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Racial Inequality Is Hollowing Out America’s Middle Class

As our country becomes more diverse, our racial wealth gap means it’s also becoming poorer.

By Dedrick Asante-Muhammad and Chuck Collins

America’s middle class is under assault.

Since 1983, national median wealth has declined by 20 percent, falling from $73,000 to $64,000 in 2013. And U.S. homeownership has been in a steady decline since 2005.

While we often hear about the struggles of the white working class, a driving force behind this trend is an accelerating decline in black and Latino household wealth.

Over those three decades, the wealth of median black and Latino households decreased by 75 percent and 50 percent, respectively, while median white household wealth actually rose a little. As of 2013, median whites had $116,800 in wealth — compared to just $2,000 for Latinos and $1,700 for blacks.

This wealth decline is a threat to the viability of the American middle class and the nation’s overall economic health. Families with more wealth can cover emergencies without going into debt and take advantage of economic opportunity, such as buying a home, saving for college, or starting a business.

We looked at the growing racial wealth gap in a new report for the Institute for Policy Studies and Prosperity Now.

We found that if these appalling trends continue, median black household wealth will hit zero by 2053, even while median white wealth continues to climb. Latino net worth will hit zero two decades later, according to our projections.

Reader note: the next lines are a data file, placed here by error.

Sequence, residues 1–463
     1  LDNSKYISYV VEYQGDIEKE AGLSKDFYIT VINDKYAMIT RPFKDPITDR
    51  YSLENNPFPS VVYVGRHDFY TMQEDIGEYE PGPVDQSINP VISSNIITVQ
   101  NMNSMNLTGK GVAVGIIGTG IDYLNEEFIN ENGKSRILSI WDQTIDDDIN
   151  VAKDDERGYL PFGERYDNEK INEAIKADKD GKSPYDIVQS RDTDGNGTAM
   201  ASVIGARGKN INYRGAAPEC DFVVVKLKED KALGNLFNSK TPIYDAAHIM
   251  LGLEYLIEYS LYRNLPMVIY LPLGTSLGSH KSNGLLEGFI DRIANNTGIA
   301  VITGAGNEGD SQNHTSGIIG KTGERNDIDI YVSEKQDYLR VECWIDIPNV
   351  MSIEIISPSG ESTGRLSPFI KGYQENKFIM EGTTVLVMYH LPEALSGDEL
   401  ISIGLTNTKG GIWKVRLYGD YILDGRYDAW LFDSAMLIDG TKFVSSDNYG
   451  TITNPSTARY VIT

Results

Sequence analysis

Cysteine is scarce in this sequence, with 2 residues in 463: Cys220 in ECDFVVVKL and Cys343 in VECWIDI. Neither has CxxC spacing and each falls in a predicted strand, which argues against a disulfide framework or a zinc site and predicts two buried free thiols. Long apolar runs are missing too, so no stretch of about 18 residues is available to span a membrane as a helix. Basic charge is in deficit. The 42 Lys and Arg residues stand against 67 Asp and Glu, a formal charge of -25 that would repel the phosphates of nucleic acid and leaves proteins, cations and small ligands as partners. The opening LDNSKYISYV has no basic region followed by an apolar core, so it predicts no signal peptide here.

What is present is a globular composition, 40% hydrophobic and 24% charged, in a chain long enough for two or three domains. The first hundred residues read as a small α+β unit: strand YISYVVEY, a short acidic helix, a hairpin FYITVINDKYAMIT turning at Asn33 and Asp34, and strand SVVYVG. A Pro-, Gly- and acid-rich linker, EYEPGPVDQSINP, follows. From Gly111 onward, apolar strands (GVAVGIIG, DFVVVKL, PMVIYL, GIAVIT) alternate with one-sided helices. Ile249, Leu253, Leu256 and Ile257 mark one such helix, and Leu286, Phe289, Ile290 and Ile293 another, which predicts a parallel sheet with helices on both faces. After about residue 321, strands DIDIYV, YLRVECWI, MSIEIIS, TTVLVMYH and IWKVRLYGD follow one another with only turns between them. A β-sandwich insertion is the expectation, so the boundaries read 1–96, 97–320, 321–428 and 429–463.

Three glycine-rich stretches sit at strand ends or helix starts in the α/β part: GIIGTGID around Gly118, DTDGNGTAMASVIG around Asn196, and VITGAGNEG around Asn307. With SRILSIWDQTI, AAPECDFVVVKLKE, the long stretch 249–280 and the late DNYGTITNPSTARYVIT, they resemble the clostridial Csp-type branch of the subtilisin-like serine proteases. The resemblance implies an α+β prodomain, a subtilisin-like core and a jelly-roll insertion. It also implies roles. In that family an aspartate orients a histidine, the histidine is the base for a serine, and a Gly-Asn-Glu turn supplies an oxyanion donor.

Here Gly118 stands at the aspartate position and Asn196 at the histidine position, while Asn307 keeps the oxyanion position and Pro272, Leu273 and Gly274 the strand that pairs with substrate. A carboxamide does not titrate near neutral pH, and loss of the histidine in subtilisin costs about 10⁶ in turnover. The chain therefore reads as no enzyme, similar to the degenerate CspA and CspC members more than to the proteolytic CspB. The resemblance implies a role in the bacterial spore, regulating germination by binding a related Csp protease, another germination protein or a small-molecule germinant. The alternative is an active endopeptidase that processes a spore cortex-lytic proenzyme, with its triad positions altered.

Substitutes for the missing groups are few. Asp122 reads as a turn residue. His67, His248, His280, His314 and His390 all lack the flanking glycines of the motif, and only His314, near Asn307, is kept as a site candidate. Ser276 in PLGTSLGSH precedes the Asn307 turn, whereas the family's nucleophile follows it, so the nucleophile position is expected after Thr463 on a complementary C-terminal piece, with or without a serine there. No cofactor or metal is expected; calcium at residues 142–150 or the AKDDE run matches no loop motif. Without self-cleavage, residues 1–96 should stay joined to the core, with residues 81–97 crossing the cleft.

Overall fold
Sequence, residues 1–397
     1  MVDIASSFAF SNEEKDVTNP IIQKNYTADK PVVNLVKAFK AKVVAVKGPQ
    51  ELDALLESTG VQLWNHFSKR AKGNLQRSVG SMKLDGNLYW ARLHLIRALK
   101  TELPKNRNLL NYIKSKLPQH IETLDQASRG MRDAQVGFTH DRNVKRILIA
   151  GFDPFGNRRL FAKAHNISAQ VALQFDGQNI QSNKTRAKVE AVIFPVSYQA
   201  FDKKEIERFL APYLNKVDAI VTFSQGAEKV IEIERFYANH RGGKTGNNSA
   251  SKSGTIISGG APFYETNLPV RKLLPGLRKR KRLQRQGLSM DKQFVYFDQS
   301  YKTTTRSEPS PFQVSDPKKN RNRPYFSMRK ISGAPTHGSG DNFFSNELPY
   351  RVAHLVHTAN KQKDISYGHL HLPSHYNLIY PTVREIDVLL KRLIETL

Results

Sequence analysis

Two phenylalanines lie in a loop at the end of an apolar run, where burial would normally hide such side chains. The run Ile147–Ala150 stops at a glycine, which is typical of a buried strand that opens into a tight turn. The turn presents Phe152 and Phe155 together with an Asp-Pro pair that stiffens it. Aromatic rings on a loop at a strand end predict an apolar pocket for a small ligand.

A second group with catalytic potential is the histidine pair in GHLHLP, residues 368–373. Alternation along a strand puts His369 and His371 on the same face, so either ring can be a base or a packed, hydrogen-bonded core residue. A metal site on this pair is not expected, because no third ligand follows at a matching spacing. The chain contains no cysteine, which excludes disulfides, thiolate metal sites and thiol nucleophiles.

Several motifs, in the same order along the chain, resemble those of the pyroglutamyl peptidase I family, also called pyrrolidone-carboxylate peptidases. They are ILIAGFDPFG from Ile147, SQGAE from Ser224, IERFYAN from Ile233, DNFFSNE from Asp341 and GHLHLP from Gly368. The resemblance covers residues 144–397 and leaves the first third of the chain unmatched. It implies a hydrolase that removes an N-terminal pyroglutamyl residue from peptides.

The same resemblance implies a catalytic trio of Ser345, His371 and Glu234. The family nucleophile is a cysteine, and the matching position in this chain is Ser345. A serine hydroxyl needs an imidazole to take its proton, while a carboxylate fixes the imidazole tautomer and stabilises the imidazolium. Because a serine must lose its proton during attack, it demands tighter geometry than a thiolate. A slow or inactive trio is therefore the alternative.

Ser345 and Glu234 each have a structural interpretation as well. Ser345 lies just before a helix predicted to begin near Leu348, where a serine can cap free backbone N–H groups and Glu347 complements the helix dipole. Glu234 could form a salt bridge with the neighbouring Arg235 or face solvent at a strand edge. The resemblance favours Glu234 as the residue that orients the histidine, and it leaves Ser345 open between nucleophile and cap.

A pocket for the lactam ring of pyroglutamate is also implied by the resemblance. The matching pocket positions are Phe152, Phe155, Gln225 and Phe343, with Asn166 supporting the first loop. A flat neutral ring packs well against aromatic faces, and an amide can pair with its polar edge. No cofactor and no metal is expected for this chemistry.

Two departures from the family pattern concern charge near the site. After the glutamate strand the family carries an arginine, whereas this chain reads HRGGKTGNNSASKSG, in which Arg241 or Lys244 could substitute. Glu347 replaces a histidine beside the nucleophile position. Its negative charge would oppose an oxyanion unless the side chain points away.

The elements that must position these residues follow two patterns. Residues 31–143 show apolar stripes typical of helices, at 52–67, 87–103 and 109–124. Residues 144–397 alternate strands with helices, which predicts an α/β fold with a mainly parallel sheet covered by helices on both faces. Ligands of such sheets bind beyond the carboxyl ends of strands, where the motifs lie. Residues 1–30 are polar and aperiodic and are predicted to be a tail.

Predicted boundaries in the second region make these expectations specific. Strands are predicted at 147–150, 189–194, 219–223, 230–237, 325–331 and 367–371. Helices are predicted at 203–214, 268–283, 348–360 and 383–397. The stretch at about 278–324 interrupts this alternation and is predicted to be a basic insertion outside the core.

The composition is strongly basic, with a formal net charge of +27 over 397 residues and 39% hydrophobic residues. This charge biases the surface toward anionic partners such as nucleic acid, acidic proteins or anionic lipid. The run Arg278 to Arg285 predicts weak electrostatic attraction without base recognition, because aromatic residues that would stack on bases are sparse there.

It’s in everyone’s interest to reverse these trends. Growing racial wealth inequality is bringing down median American middle class wealth, and with it shrinking the middle class — especially as Americans of color make up an increasing share of the U.S. population.

The causes of this racial wealth divide have little to do with individual behavior. Instead, they’re the result of a range of systemic factors and policies.

These include past discriminatory housing policies that continue to fuel an enormous racial divide in homeownership rates, as well as an “upside down” tax system that helps the wealthiest households get wealthier while providing the lowest income families with almost nothing.

The American middle class was created by government policy, investment, and the hard work of its citizenry. Today Americans are working as hard as ever, but government policy is failing to invest in a sustainable and growing middle class.

To do better, Congress must redirect subsidies to the already wealthy and invest in opportunities for poorer families to save and build wealth.

For example, people can currently write off part of their mortgage interest payments on their taxes. But this only benefits you if you already own a home — an opportunity long denied to millions of black and Latino families — and benefits you even more if you own an expensive home. It helps the already rich, at the expense of the poor.

Congress should reform that deduction and other tax expenditures to focus on those excluded from opportunity, not the already have-a-lots.

Other actions include protecting families from the wealth stripping practices common in many low-income communities, like “contract for deed” scams that can leave renters homeless even after they’ve fronted money for expensive repairs to their homes. That means strengthening institutions like the Consumer Financial Protection Bureau.

The nation has experienced 30 years of middle class decline. If we don’t want this to be a permanent trend, then government must respond with the boldness and ingenuity that expanded the middle class after World War Two — but this time with a racially inclusive frame to reflect our 21st century population.

Dedrick Asante-Muhammad directs the Racial Wealth Divide Project at Prosperity Now. Chuck Collins directs the Program on Inequality at the Institute for Policy Studies and co-edits Inequality.org. They’re co-authors of the new report, The Road to Zero Wealth.